The new psychoactive substances (NPS) market continues to be very dynamic. A large number of compounds belonging to diverse chemical groups continue to emerge. This makes their detection in biological samples challenging for clinical and forensic toxicologists. Knowledge of the metabolic fate of NPS is crucial for developing comprehensive screening procedures. As human studies are not feasible due to ethical concerns, the current study aimed to compare the NPS' metabolic pattern in incubations with pooled human liver S9 fraction (pHLS9), human liver HepaRG cells, and zebrafish larvae. The latter model was recently shown to be a promising preclinical surrogate for human hepatic metabolism of a synthetic cannabinoid. However, studies concerning other NPS classes are still missing and therefore an amphetamine-based N-methoxybenzyl (NBOMe) compound, a synthetic cathinone, a pyrrolidinophenone analog, a lysergamide, as well as another synthetic cannabinoid were included in the current study. Liquid chromatography coupled to Orbitrap-based high-resolution tandem mass spectrometry was used to analyze metabolic data. Zebrafish larvae were found to produce the highest number of phase I but also phase II metabolites (79 metabolites in total), followed by HepaRG cells (66 metabolites). Incubations with pHLS9 produced the least metabolites (57 metabolites). Furthermore, the involvement of monooxygenases and esterases in the metabolic phase I transformations of 4F-MDMB-BINACA was elucidated using single-enzyme incubations. Several cytochrome P450 (CYP) isozymes were shown to contribute, and CYP3A5 was involved in all CYP-catalyzed reactions, while amide and ester hydrolysis were catalyzed by the human carboxylesterase (hCES) isoforms hCES1b and/or hCES1c. Finally, metabolites were compared to those present in human biosamples if data were available. Overall, the metabolic patterns in HepaRG cells provided the worst overlap with that in human biosamples. Zebrafish larvae experiments agreed best with data found in human plasma and urine analysis. The current study underlines the potential of zebrafish larvae as a tool for elucidating the toxicokinetics of NPS in the future.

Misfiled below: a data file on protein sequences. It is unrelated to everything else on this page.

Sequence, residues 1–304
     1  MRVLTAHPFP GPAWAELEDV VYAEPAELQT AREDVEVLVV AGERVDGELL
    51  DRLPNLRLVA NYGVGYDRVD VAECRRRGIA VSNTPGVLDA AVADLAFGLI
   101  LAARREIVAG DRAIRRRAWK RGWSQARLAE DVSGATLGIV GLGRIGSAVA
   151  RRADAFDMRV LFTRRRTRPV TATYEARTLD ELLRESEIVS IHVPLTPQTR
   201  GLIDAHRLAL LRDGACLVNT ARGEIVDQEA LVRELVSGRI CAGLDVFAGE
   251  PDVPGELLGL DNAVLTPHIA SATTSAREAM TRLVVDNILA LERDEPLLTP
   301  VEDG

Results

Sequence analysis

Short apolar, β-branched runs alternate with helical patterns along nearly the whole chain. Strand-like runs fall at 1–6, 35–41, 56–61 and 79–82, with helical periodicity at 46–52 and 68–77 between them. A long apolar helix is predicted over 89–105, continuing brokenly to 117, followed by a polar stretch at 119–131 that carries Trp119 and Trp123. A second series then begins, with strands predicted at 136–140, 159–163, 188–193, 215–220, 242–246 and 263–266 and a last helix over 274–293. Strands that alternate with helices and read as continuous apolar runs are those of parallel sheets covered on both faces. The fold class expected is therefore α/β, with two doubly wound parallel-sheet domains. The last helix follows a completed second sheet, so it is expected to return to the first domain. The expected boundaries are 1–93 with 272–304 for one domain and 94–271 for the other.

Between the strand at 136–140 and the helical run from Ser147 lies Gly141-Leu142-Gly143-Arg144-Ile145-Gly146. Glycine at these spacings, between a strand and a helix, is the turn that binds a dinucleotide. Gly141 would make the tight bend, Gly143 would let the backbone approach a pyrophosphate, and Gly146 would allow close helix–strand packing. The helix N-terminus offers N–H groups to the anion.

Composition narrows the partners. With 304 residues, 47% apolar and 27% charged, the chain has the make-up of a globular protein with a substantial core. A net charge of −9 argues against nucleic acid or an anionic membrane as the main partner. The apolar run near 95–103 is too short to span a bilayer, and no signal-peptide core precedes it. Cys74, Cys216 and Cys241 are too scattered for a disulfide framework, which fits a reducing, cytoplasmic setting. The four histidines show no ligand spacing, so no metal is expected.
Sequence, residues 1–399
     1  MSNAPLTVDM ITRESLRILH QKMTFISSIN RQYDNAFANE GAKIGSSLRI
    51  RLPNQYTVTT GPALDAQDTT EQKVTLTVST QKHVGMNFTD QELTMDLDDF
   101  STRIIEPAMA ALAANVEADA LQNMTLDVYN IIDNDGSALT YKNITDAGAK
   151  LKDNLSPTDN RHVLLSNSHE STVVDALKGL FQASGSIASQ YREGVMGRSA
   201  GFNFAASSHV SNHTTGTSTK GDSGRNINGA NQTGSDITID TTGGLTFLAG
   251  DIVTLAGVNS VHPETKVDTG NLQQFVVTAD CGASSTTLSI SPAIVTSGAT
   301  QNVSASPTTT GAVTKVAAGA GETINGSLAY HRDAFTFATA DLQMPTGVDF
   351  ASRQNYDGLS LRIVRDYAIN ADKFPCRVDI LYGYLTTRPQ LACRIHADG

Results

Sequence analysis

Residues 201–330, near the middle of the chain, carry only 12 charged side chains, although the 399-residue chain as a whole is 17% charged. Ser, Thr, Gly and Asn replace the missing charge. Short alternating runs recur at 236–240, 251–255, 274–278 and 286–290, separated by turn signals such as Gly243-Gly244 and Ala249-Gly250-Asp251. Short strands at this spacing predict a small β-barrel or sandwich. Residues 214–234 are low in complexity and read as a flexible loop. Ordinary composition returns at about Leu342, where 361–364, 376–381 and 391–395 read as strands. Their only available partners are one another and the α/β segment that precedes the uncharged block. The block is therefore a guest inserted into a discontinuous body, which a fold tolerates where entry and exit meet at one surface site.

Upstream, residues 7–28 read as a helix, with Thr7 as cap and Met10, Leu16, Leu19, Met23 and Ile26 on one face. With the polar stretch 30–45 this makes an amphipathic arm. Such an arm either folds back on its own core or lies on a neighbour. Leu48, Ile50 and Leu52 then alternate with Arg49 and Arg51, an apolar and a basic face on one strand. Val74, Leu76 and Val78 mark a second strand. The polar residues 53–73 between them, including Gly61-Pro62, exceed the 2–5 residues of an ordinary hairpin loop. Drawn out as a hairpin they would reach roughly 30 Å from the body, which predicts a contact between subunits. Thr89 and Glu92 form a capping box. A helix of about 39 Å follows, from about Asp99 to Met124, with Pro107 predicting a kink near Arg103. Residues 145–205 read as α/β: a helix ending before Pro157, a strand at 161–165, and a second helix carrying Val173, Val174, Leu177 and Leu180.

• Comparative Target Analysis of Chlorinated Biphenyl Antimicrobials Highlights MenG as a Molecular Target of Triclocarban.